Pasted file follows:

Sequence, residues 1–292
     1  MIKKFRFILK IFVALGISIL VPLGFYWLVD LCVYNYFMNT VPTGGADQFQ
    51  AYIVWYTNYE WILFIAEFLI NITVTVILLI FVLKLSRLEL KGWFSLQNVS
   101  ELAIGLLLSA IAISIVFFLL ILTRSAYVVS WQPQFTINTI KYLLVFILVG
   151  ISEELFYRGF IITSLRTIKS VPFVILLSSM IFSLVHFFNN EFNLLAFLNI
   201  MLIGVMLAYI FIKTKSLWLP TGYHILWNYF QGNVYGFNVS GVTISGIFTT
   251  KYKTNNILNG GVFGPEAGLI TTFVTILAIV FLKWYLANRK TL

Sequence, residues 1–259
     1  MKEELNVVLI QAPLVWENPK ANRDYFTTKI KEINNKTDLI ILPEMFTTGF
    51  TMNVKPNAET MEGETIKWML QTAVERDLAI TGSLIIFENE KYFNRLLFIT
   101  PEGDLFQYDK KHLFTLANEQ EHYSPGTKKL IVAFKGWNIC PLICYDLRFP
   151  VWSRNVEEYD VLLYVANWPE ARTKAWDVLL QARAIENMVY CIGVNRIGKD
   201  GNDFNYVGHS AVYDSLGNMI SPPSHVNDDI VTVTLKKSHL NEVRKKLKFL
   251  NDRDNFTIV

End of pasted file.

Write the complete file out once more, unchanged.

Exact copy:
Sequence, residues 1–292
     1  MIKKFRFILK IFVALGISIL VPLGFYWLVD LCVYNYFMNT VPTGGADQFQ
    51  AYIVWYTNYE WILFIAEFLI NITVTVILLI FVLKLSRLEL KGWFSLQNVS
   101  ELAIGLLLSA IAISIVFFLL ILTRSAYVVS WQPQFTINTI KYLLVFILVG
   151  ISEELFYRGF IITSLRTIKS VPFVILLSSM IFSLVHFFNN EFNLLAFLNI
   201  MLIGVMLAYI FIKTKSLWLP TGYHILWNYF QGNVYGFNVS GVTISGIFTT
   251  KYKTNNILNG GVFGPEAGLI TTFVTILAIV FLKWYLANRK TL

Sequence, residues 1–259
     1  MKEELNVVLI QAPLVWENPK ANRDYFTTKI KEINNKTDLI ILPEMFTTGF
    51  TMNVKPNAET MEGETIKWML QTAVERDLAI TGSLIIFENE KYFNRLLFIT
   101  PEGDLFQYDK KHLFTLANEQ EHYSPGTKKL IVAFKGWNIC PLICYDLRFP
   151  VWSRNVEEYD VLLYVANWPE ARTKAWDVLL QARAIENMVY CIGVNRIGKD
   201  GNDFNYVGHS AVYDSLGNMI SPPSHVNDDI VTVTLKKSHL NEVRKKLKFL
   251  NDRDNFTIV